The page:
This is one of the most stimulating books on international trade that I have read for a very long time. Paul Krugman is widely regarded as one of the world's most outstanding economists and perhaps best known for his work on the theory of trade in imperfectly competitive markets. He is generally considered to have been one of the originators of what is now commonly referred to as the "new trade theory". An important aspect of this is its demonstration that, in oligopolistic industries in which firms engage in strategic behaviour, government intervention to target and promote "winners" through the granting of direct subsidies can be welfare improving. An important exception to the conventional view that government intervention in trade is generally welfare reducing was thereby established, albeit one which was largely confined to high-technology industries.
In fact, as Krugman explains in this book, the new trade theory has often been misrepresented as an attack on traditional trade theory with its assumptions of perfectly competitive markets and advocacy of free trade. For a long while, economists knew that the case for free trade needed to be qualified in conditions where unit costs fall with output. What was lacking were theoretical models to explain trade flows in such markets. The new trade theory overcame this deficiency without in any way providing governments with a carte blanche for intervention.
However, Pop Internationalism is not essentially about strategic trade policy. Its main concern is to counter the growing body of popular literature which has emerged in recent years on the subject of international competitiveness. Krugman considers this to be a "dangerous obsession" because of the influence which it has had on an ill-informed public and, not least, on policy-makers often seeking an intellectual justification for politically motivated trade policies. Krugman sees in several recently published bestsellers, such as Lester Thurow's The Zero-Sum Solution and his more recent Head to Head, an approach to the study of international trade that has the appearance of sophistication but which is essentially an exercise in "sloppy thinking". Thurow and others are accused of failing to pay sufficient attention to the theory of comparative advantage that underlies all trade between countries and shows trade to be essentially a positive-sum game in which all participants gain.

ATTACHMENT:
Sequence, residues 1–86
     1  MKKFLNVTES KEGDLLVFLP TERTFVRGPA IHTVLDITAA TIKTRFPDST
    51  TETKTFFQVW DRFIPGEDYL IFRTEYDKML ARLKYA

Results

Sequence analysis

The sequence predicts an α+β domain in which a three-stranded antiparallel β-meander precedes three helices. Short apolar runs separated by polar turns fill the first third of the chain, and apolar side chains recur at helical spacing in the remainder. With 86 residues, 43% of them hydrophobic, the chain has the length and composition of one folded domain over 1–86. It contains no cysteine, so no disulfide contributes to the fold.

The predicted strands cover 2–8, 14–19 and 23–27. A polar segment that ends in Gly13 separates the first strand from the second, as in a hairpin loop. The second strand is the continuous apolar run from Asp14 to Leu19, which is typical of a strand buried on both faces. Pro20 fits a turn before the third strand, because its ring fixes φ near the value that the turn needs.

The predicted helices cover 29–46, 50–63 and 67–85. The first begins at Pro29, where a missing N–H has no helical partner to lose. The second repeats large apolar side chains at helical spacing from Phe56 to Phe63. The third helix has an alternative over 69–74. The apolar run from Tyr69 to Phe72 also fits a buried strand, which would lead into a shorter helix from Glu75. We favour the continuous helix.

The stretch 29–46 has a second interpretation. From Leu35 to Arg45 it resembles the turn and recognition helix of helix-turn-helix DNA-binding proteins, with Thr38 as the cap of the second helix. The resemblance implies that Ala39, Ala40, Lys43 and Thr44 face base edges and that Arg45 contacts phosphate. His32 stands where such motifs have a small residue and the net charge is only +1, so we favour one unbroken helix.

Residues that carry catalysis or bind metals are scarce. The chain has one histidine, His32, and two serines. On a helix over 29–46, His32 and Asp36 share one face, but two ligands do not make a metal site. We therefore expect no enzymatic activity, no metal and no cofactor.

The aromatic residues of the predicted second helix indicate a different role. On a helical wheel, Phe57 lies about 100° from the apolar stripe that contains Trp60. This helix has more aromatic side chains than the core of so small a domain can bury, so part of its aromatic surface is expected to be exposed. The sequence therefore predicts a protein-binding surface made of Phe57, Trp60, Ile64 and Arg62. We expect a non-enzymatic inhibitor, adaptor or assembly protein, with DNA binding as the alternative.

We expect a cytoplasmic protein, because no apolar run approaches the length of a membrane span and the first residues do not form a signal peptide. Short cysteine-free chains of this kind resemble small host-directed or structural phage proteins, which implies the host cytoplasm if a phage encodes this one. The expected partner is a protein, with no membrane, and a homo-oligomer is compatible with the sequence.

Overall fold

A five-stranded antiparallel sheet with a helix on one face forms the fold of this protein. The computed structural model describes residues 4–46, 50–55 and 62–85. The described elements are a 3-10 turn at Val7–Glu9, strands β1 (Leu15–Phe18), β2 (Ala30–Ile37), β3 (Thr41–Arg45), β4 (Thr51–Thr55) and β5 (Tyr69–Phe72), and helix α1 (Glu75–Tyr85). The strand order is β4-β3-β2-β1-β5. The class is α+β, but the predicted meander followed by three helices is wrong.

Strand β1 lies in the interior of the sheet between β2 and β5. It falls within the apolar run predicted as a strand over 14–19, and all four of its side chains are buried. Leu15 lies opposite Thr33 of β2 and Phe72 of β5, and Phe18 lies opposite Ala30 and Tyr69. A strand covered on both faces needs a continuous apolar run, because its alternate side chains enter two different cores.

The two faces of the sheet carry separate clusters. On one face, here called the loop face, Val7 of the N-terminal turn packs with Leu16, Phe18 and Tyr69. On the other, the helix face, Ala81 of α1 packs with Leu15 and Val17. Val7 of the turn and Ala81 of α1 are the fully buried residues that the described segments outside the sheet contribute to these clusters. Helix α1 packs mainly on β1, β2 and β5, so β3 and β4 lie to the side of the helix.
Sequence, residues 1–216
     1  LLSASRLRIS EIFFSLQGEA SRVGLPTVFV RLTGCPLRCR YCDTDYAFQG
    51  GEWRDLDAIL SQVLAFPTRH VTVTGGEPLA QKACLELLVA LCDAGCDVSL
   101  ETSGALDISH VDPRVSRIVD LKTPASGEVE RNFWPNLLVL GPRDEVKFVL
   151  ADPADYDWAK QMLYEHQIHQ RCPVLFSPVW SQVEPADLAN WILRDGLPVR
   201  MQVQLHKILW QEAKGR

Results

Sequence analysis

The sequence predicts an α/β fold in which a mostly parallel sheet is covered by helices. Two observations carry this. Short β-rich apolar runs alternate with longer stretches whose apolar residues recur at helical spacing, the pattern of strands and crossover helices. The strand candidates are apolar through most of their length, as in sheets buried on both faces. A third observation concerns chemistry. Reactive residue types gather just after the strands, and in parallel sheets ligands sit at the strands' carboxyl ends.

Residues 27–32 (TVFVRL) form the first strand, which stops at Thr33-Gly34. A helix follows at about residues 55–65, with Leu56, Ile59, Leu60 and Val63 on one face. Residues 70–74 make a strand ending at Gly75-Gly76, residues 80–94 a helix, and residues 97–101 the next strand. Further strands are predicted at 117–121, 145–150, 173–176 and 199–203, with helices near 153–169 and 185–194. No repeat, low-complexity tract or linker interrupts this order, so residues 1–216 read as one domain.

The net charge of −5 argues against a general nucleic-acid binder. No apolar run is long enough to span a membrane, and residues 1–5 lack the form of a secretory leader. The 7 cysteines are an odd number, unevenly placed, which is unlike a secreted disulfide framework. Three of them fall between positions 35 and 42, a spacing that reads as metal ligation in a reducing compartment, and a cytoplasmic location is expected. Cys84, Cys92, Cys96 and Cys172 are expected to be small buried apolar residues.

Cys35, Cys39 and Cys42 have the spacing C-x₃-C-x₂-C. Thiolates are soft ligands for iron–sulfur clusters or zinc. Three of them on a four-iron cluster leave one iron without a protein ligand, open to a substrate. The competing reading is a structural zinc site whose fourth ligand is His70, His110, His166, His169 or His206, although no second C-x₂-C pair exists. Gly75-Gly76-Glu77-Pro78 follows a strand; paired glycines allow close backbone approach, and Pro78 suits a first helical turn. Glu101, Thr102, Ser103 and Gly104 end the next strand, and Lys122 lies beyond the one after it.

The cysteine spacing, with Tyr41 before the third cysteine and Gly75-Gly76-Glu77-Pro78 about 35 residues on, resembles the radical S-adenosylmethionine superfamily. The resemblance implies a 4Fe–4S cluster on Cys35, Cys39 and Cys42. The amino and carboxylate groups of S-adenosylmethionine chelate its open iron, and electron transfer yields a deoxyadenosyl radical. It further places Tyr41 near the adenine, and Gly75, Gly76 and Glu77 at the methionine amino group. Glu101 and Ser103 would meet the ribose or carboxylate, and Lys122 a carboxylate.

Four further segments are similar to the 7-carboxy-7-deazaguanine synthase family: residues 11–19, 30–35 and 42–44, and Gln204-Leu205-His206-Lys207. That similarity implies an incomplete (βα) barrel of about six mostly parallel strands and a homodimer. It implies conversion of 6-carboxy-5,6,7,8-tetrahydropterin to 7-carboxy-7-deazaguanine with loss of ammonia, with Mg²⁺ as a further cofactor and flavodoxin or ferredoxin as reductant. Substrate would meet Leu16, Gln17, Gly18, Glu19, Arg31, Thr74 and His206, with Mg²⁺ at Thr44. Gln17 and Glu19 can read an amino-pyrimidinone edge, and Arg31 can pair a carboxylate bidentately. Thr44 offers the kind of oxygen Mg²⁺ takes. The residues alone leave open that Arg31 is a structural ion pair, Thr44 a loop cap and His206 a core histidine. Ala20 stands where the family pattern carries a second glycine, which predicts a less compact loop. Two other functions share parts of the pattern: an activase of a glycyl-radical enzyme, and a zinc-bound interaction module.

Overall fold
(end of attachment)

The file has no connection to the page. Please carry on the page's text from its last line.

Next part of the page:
Krugman blames international economists for yielding ground to the "pop internationalists" by their failure to "communicate" with the broader public. Too often trade theory is presented in a way which is inaccessible to anyone other than the diligent economics undergraduate. Basic theories such as comparative advantage are, as a result, often not understood. Pop Internationalism is an attempt to redress the balance.
Krugman certainly does an excellent job in explaining, in a remarkably clear and nontechnical manner, some of the complex arguments on which the case for free trade rests. He shows why the view, increasingly fashionable in all western industrialised countries, that countries are like giant companies competing for a position in the global market-place, is fundamentally flawed. When Pepsi and Coca-Cola compete for export markets they do so as rivals. However, the same is not true of countries. The success of the European economy is not achieved at the expense of the United States. On the contrary, it is more likely to help the American economy by providing larger markets and by supplying it with better goods at lower prices. The obsession with competitiveness is seen as leading governments into wrong economic policies that create conflicts with their trading partners. Trade deficits are not the result of declining competitiveness (a concept which, Krugman asserts, has virtually no meaning) but the consequence of inadequate domestic savings relative to the borrowing needs of the corporate and public sectors.